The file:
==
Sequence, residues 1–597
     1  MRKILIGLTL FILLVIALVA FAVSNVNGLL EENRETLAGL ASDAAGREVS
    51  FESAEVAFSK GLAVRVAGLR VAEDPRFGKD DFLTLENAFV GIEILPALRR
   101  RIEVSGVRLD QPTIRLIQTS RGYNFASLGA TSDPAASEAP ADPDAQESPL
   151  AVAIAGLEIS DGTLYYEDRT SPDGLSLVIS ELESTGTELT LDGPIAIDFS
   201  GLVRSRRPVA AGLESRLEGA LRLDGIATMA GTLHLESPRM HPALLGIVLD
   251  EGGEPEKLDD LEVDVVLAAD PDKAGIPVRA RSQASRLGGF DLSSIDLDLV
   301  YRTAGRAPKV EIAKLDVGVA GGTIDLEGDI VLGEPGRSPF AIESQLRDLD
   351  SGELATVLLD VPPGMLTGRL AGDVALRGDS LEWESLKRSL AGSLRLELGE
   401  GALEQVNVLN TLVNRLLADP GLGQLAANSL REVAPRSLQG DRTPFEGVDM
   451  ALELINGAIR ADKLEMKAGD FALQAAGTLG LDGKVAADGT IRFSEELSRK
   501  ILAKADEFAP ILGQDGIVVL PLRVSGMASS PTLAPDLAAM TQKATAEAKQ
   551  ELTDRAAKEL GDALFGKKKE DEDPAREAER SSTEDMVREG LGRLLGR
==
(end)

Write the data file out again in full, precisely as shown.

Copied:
Sequence, residues 1–597
     1  MRKILIGLTL FILLVIALVA FAVSNVNGLL EENRETLAGL ASDAAGREVS
    51  FESAEVAFSK GLAVRVAGLR VAEDPRFGKD DFLTLENAFV GIEILPALRR
   101  RIEVSGVRLD QPTIRLIQTS RGYNFASLGA TSDPAASEAP ADPDAQESPL
   151  AVAIAGLEIS DGTLYYEDRT SPDGLSLVIS ELESTGTELT LDGPIAIDFS
   201  GLVRSRRPVA AGLESRLEGA LRLDGIATMA GTLHLESPRM HPALLGIVLD
   251  EGGEPEKLDD LEVDVVLAAD PDKAGIPVRA RSQASRLGGF DLSSIDLDLV
   301  YRTAGRAPKV EIAKLDVGVA GGTIDLEGDI VLGEPGRSPF AIESQLRDLD
   351  SGELATVLLD VPPGMLTGRL AGDVALRGDS LEWESLKRSL AGSLRLELGE
   401  GALEQVNVLN TLVNRLLADP GLGQLAANSL REVAPRSLQG DRTPFEGVDM
   451  ALELINGAIR ADKLEMKAGD FALQAAGTLG LDGKVAADGT IRFSEELSRK
   501  ILAKADEFAP ILGQDGIVVL PLRVSGMASS PTLAPDLAAM TQKATAEAKQ
   551  ELTDRAAKEL GDALFGKKKE DEDPAREAER SSTEDMVREG LGRLLGR